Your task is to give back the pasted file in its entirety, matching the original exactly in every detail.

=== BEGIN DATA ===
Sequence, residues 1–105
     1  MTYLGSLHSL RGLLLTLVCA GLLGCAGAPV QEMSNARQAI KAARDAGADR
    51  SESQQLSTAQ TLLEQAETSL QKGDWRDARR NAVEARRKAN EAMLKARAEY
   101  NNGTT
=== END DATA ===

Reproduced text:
Sequence, residues 1–105
     1  MTYLGSLHSL RGLLLTLVCA GLLGCAGAPV QEMSNARQAI KAARDAGADR
    51  SESQQLSTAQ TLLEQAETSL QKGDWRDARR NAVEARRKAN EAMLKARAEY
   101  NNGTT